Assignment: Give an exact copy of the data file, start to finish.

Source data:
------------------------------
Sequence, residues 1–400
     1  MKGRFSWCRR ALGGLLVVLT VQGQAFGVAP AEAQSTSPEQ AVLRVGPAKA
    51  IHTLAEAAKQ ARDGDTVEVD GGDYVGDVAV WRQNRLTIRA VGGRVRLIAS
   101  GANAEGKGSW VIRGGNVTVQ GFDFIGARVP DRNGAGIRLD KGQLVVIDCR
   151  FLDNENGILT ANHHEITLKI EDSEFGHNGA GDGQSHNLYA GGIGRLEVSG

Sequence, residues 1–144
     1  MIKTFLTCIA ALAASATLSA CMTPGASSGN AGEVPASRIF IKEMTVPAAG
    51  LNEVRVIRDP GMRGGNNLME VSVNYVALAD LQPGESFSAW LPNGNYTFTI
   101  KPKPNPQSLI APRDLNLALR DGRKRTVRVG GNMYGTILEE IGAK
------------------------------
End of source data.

Sequence, residues 1–400
     1  MKGRFSWCRR ALGGLLVVLT VQGQAFGVAP AEAQSTSPEQ AVLRVGPAKA
    51  IHTLAEAAKQ ARDGDTVEVD GGDYVGDVAV WRQNRLTIRA VGGRVRLIAS
   101  GANAEGKGSW VIRGGNVTVQ GFDFIGARVP DRNGAGIRLD KGQLVVIDCR
   151  FLDNENGILT ANHHEITLKI EDSEFGHNGA GDGQSHNLYA GGIGRLEVSG

Sequence, residues 1–144
     1  MIKTFLTCIA ALAASATLSA CMTPGASSGN AGEVPASRIF IKEMTVPAAG
    51  LNEVRVIRDP GMRGGNNLME VSVNYVALAD LQPGESFSAW LPNGNYTFTI
   101  KPKPNPQSLI APRDLNLALR DGRKRTVRVG GNMYGTILEE IGAK